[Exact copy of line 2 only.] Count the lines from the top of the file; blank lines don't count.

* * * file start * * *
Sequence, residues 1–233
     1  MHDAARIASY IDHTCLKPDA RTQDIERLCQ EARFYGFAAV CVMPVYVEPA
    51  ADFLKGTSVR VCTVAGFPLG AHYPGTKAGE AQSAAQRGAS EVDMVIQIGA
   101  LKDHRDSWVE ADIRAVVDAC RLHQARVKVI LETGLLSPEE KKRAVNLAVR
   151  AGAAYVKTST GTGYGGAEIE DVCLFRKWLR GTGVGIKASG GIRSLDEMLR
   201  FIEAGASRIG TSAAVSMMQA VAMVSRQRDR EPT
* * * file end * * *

     1  MHDAARIASY IDHTCLKPDA RTQDIERLCQ EARFYGFAAV CVMPVYVEPA